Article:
In equation (10), S_curved represents the sum of the MSEs of an angle and a range to source **102** based on the curved wavefront assumption. In equation (11), S_plane represents the sum of the MSEs of the angle to source **102** based on the planar wavefront assumption. Equation (12) is an estimate for calculating the Z_est_plane term used in equation (11).

Using the results of equations (10), (11) and (12), signal processor **112** may perform a proximity test determine which assumption may best fit the data. For example, in some embodiments, the proximity test compares the ratio of S_plane to S_curved with a threshold. When the ratio exceeds the threshold, the result of the proximity test may indicate that the curved wavefront assumption is better (i.e., a close range condition). When the ratio does not exceed the threshold, the result of the proximity test may indicate that the planar wavefront assumption is better (i.e., a far range condition).

Although some embodiments of the present invention are described with respect to an RF source, the scope of the invention is not limited in this respect. Some embodiments of the present invention are equally applicable to any wave source including, for example, optical sources, acoustic sources, sonar sources, and seismic-wave sources.

**200** illustrates the standard deviation on the y-axis and the true range on the x-axis for example embodiments in which front-end circuitry **110** comprises a Ka-band receiver and antenna **108** comprises sixteen array elements separated at ½ wavelengths. In this example embodiment, each of the sixteen array elements may be a sub-aperture and may be associated with one receiver channel. In these example embodiments, signal processing circuitry may use 1024 samples per antenna element. In these example embodiments, antenna **108** may have about a 60 dB sum beam signal-to-noise ratio, which provides about 48 dB gain per receiver channel. As can be seen by graph **200**, a good estimation of the range may be calculated beyond the Fresnel region into the far-field of the antenna using the single set of signal samples used to perform the proximity test. In these example embodiments, the length of the aperture is about 6.4 centimeters (2.53 inches), although the scope of the invention is not limited in this respect.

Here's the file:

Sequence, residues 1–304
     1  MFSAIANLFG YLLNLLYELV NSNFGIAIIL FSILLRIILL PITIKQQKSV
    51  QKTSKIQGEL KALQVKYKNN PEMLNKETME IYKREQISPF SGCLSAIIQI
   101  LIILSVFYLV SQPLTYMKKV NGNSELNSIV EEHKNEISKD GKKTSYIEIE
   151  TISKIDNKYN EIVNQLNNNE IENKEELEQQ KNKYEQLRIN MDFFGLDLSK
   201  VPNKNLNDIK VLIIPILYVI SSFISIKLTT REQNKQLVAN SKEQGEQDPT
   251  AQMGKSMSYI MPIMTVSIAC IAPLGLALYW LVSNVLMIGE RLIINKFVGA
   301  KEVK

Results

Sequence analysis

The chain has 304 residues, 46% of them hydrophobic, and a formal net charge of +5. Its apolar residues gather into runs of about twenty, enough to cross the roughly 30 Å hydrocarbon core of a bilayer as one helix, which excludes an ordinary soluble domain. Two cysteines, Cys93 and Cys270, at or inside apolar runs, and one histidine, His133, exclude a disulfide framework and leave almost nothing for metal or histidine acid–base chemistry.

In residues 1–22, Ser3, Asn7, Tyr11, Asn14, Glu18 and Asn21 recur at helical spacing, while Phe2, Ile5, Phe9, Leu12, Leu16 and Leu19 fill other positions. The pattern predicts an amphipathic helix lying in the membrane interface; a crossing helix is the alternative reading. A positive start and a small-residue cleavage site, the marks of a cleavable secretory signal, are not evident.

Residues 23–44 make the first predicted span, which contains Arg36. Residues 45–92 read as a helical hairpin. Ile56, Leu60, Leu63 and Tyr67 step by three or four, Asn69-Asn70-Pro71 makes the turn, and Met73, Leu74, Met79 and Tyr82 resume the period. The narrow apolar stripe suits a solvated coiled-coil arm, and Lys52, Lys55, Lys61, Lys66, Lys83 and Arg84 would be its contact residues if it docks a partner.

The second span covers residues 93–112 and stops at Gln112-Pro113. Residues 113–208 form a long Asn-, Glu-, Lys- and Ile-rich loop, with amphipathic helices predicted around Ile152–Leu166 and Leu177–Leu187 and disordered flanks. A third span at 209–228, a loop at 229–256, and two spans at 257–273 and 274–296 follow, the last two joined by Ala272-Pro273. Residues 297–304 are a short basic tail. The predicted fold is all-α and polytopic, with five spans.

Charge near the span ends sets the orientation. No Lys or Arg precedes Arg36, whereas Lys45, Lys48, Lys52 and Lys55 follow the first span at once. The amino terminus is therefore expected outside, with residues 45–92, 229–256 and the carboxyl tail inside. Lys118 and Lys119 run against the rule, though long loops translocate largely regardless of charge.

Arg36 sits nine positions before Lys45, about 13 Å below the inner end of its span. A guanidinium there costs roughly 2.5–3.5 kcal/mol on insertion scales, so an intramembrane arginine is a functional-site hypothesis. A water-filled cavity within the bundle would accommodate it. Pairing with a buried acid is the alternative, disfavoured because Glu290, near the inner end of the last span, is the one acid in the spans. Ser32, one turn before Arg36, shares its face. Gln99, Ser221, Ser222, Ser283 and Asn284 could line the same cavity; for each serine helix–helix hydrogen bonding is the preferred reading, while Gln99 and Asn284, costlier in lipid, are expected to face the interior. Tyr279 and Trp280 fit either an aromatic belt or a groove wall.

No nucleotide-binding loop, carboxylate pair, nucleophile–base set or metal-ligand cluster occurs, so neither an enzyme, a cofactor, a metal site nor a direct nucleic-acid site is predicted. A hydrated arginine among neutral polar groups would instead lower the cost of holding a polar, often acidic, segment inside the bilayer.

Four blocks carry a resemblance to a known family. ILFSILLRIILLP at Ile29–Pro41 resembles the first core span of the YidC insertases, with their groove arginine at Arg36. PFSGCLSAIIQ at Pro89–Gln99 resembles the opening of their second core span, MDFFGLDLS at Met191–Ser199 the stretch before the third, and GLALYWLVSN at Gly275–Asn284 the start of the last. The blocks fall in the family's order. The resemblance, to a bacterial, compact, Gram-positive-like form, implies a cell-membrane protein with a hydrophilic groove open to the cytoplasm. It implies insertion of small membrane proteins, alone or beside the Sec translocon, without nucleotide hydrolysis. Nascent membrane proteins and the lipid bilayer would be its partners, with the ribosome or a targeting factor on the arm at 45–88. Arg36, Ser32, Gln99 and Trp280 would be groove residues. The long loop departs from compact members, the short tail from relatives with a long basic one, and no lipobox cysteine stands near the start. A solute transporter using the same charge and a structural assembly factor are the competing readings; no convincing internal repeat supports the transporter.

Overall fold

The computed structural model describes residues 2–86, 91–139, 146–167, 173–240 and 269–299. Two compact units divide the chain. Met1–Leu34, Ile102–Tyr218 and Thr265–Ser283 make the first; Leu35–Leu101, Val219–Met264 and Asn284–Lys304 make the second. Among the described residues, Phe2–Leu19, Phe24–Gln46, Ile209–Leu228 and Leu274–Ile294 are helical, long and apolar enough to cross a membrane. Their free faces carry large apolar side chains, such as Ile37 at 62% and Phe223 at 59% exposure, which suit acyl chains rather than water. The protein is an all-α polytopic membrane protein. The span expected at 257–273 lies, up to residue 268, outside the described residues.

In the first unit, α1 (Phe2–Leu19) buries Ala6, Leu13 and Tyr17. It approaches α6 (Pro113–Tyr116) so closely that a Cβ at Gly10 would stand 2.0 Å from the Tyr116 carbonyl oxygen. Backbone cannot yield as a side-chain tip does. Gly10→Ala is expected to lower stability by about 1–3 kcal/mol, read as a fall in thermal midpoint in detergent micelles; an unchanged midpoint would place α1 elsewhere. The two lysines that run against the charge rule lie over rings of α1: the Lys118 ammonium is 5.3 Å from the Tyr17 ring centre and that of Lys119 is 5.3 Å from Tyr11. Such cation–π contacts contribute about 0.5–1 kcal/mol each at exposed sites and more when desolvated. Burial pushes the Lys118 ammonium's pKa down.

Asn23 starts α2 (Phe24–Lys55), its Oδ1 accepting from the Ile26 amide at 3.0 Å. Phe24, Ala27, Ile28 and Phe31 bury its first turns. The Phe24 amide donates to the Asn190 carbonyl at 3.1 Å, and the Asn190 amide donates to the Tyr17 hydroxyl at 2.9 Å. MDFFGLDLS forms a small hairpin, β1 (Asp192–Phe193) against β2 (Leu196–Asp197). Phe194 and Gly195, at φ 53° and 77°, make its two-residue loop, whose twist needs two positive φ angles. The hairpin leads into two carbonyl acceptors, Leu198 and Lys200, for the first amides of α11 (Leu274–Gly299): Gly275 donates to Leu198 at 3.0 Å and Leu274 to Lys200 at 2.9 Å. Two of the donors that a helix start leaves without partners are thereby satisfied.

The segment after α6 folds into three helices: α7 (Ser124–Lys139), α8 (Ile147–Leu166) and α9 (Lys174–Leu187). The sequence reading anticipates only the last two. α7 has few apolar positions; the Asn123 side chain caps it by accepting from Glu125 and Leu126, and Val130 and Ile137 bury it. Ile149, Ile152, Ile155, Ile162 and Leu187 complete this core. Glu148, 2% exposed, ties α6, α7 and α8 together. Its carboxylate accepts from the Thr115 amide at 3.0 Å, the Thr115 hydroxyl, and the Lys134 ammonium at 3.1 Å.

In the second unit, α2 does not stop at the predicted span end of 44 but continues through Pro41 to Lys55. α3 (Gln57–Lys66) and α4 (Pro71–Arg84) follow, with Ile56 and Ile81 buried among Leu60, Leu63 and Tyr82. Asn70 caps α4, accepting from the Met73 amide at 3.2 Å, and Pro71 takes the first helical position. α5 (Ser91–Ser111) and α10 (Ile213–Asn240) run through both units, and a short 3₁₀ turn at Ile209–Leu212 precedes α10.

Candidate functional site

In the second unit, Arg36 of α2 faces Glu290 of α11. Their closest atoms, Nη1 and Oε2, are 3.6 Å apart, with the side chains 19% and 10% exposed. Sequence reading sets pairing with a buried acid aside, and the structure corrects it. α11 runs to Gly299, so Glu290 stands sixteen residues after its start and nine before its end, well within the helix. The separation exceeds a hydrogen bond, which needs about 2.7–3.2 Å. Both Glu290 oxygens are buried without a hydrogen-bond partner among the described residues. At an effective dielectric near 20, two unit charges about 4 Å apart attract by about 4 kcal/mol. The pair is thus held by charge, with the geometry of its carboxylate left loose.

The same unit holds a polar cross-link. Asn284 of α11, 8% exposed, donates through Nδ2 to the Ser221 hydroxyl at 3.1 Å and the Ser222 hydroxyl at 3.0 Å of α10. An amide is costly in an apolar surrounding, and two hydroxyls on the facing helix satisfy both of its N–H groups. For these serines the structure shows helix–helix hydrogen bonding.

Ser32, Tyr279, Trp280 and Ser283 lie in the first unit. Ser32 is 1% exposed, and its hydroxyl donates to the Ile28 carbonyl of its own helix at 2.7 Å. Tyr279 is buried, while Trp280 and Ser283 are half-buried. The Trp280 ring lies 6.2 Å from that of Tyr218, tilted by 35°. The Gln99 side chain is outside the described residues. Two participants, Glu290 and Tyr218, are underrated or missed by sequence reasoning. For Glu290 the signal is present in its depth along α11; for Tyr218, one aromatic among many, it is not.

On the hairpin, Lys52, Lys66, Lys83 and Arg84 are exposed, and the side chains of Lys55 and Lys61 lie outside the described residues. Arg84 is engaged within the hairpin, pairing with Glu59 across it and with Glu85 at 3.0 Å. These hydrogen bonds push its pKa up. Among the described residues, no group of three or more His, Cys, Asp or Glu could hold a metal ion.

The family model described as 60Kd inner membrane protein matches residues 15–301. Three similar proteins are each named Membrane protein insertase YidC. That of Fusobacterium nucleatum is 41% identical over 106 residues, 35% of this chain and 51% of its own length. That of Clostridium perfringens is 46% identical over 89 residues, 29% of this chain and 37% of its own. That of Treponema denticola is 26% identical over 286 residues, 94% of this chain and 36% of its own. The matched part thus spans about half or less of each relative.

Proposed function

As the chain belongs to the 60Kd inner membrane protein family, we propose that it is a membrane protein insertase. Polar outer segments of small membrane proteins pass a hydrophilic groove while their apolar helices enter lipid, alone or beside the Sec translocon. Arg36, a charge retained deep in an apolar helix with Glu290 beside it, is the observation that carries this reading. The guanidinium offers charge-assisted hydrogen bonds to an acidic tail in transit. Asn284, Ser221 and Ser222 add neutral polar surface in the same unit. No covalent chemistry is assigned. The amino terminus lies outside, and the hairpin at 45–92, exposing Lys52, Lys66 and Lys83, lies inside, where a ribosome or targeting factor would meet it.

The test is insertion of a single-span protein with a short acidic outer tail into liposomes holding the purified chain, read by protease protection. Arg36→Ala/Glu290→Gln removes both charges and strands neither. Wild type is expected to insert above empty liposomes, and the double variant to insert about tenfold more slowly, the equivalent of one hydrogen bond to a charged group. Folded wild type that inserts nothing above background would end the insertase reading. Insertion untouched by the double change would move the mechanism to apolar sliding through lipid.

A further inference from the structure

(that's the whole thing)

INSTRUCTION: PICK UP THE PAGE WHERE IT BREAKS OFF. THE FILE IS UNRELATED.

**200** (**300** illustrates the probability of determining the true range of a signal source, such as Source **102** (**108**. The probability decreases quickly for further out ranges greater than 100 meters and becomes zero for ranges greater than about 125 meters. As can be seen, good range determining performance may be achieved for close-in ranges.

**400** may be performed by a system such as angle and range estimating system **104** (**102** (**400**.

Operation **402** comprises collecting signals through three or more sub-apertures of an antenna, such as antenna **108** (**111** (**102**.

Operation **404** comprises determining the relative phase between the samples from each of the apertures. In some embodiments, operation **404** determines relative phase of the samples for each element **106** (**108** (**111** (_{i }in the above equations, in which “i” corresponds to the element number.

Operation **406** calculates the sum of the MSEs of the angle and range to the RF source using the phase measurements of operation **404** based on a curved wavefront assumption. In some embodiments, operation **406** may use equation (11) to calculate the sum of the MSEs for the curved wavefront assumption to determine S_curved.

Operation **408** calculates the sum of the MSEs of the angle to the RF source using the phase measurements of operation **404** based on a planar wavefront assumption. In some embodiments, operation **408** may use equations (12) and (13) to calculate the sum of the MSEs for the planar wavefront assumption to determine S_plane.

Operations **410** and **412** comprise the proximity test which tests whether or not the curved wavefront assumption is better or whether the planar wavefront assumption is better. Operation **410** comprises comparing the ratio of the sum of the MSEs for the curved wavefront assumption calculated in operation **406** with the sum of the MSEs for the planar wavefront assumption calculated in operation **408**. Operation **412** comprises determining when the ratio exceeds a threshold. When operation **412** determines that the threshold is exceeded, operation **416** is performed. When operation **412** determines that the threshold is not exceeded, operation **414** is performed. The threshold may be determined based on a tradeoff between probability of detection and probability of false alarms, and may be selected on a case-by-case basis depending on the requirements of the particular system.